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Summary:

The New York Times has finally closed a popular loophole that let readers circumvent its paywall by chopping off the end of a story’s website address.

The New York Times has been using a so-called “metered paywall” for more than a year to limit how many articles a non-subscriber can read. The paywall has been more of a nuisance than a serious obstacle, however, thanks to easy tricks to get around it.

Starting today, though, the Grey Lady is getting tough on the scofflaws by closing one of the more popular loopholes. As New York magazine reports, it’s become harder to zap the “please subscribe” ads that appear in front of a story when you’ve reached your monthly quotient of free stories. Until now, the most popular way to do this was to simply delete the end of the website address.

This easy trick, known to every college student, led some to deride the Times as a technological tyro. People in the news industry, however, say the Times deliberately chose to make the paywall “leaky” so as not to alienate casual visitors. Here is what Times spokesperson Eileen Murphy told NY mag today:

“When we launched our digital subscription plan we knew there were loopholes to access our content beyond the allotted number of articles each month. We have made some adjustments and will continue to make adjustments to optimize the gateway by implementing technical security solutions to prohibit abuse and protect the value of our content.”

I contacted Murphy to see if the New York Times will also begin to apply the meter to people who arrive at a Times story by way of social media — an increasingly important source of traffic for news outlets. Update: Murphy replied “not at this time.”

The decision to tighten the paywall comes at a crucial period at which investors are asking if the Times will be able to significantly grow its current digital subscriber base of 640,000. That number has been growing at a healthy base but the Times remains coy about how many of those are discount subscriptions; investors are also asking if the Times can continue to expand this base beyond hardcore NYT fans.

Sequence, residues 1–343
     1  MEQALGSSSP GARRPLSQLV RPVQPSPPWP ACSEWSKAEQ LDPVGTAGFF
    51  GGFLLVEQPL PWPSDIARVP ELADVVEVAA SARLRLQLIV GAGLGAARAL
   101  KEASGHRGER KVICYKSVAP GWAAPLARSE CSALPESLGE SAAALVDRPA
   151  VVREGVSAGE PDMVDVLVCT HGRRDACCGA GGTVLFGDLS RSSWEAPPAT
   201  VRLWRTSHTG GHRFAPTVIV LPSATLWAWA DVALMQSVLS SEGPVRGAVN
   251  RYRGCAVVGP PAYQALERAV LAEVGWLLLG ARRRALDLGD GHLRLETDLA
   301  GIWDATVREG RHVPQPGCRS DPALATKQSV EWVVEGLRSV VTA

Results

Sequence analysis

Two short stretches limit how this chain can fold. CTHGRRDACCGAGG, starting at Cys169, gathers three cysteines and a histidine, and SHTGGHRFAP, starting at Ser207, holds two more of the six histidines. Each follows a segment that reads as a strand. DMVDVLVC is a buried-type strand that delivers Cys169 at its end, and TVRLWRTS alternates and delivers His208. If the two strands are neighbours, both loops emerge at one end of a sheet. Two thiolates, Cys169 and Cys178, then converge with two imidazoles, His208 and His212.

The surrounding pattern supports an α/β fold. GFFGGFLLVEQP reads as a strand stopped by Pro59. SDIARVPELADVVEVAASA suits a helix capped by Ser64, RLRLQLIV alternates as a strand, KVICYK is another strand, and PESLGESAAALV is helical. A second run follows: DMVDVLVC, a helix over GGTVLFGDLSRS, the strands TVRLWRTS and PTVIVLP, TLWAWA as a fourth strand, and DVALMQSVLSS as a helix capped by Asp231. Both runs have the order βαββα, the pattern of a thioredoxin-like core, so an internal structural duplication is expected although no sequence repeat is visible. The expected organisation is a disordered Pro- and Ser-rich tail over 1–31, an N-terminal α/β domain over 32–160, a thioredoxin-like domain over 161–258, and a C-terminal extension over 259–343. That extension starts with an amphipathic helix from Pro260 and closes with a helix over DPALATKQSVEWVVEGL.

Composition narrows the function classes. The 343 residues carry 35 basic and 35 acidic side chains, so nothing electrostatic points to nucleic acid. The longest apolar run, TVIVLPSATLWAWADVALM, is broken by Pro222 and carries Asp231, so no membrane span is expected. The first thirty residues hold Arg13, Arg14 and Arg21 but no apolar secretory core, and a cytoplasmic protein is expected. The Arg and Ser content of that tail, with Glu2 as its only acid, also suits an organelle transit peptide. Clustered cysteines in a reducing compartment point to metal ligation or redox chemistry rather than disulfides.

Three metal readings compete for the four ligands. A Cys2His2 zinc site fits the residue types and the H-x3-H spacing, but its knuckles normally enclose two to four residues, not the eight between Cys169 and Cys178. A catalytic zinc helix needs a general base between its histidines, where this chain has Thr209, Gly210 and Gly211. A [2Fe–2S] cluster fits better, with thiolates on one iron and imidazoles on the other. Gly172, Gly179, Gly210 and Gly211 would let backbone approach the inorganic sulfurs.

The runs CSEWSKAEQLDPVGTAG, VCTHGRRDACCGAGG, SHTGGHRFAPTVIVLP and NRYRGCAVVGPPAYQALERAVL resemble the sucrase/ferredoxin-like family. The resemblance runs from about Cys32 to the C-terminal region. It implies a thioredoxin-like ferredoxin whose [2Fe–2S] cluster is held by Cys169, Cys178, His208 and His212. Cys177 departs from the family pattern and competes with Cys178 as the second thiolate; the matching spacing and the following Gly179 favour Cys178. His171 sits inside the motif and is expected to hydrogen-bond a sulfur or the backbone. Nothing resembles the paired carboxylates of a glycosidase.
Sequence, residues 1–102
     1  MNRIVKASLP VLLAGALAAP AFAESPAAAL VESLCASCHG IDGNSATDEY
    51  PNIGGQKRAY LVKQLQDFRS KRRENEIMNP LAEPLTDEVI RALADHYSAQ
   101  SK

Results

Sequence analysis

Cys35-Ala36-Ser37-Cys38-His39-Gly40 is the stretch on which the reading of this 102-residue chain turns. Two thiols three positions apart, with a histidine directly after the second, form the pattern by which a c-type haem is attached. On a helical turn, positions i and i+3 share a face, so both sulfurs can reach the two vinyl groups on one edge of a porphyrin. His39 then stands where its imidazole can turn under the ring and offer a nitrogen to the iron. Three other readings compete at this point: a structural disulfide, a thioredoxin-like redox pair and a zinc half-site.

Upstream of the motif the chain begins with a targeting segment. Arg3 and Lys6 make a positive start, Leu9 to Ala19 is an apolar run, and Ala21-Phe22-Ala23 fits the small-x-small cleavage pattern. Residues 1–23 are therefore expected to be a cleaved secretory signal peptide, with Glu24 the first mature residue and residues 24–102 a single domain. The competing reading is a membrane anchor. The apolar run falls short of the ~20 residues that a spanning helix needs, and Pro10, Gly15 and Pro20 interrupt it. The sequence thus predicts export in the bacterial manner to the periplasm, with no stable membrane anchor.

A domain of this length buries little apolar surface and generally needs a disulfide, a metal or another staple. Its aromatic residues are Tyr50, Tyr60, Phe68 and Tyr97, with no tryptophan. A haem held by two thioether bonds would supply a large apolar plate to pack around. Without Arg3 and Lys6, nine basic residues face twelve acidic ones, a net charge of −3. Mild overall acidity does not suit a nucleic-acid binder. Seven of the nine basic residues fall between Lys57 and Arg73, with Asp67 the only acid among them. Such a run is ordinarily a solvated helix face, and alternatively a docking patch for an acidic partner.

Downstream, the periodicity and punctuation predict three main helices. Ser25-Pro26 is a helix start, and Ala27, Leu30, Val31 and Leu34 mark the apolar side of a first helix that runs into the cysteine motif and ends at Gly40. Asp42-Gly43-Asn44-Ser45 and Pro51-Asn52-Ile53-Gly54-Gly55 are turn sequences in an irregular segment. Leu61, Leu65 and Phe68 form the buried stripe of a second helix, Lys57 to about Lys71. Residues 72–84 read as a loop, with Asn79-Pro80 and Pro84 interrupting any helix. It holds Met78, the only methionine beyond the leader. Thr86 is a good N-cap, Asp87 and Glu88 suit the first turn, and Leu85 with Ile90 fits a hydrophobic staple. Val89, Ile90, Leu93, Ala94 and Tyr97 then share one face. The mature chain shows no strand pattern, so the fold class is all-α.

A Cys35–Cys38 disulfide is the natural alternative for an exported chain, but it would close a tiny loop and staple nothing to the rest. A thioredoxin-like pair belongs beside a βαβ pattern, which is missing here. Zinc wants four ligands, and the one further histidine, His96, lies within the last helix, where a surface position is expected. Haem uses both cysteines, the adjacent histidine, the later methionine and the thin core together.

In the bigger picture, paywalls have become much less contentious in 2013 as nearly every newspaper is adopting them in one form or another. Critics like my colleague Mathew Ingram remain skeptical, claiming they drive readers away; he suggests alternatives like letting people pay for special access to certain writers or events.  (Note: We’re going to be talking about alternative monetization strategies at our paidContent Live conference in New York on April 17).

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  1. The paywall has been a very successful move by all standards. It is now more than 12 percent of overall subscription revenue, which is huge if you consider how much of a concern these ‘leaks’ were when the paywall first launched.

    http://statspotting.com/nyt-paywall-statistics-12-percent-of-total-subscription-sales-this-year/

  2. reddittotherescue Tuesday, February 12, 2013

    To get around the new pay wall:
    Open your hosts file, find the entry that reads 127.0.0.1. Add this to the end of that line:
    meter-svc.nytimes.com
    Don’t delete anything from the line, just add this string at the end.
    Restart your browser or clear the cache. Viola, unfettered access.

  3. Paywalls are an attempt to relocate the newspaper’s problem so it becomes the reader’s problem. Surely newspapers can come up with a more customer-friendly solution than that.

  4. I’m gonna bury the Gray Lady. She’s dead to me.

  5. I noticed reading articles on cn.nytimes doesn’t add to the article count.

  6. And now it seems that the NYT has for all practical purposes abandoned the metered model in favor of an old-fashioned 99¢ subscription model with the 10 free article offer relegated to a footnote, in effect, in the FAQ.

  7. “I noticed reading articles on cn.nytimes doesn’t add to the article count.”

    I’ve noticed the same thing for various NYT “blogs” (and the line between NYT “blog” and NYT proper is often so vague as to be non-existent…) – basically there is no meter for many NYT “blogs”.

    The NYT is still playing games – trying to maximize digital subscription revenue (opaquely reported in 10K’s and 10Q’s) while capturing the “drive-by” reader who they need to maximize monthly “uniques” and page views – the base currency of online advertising.

    Keep holding the NYT’s feet to the reporting fire – they are being as deceptive and manipulative in this regard as any journalistic subject they condemn daily.

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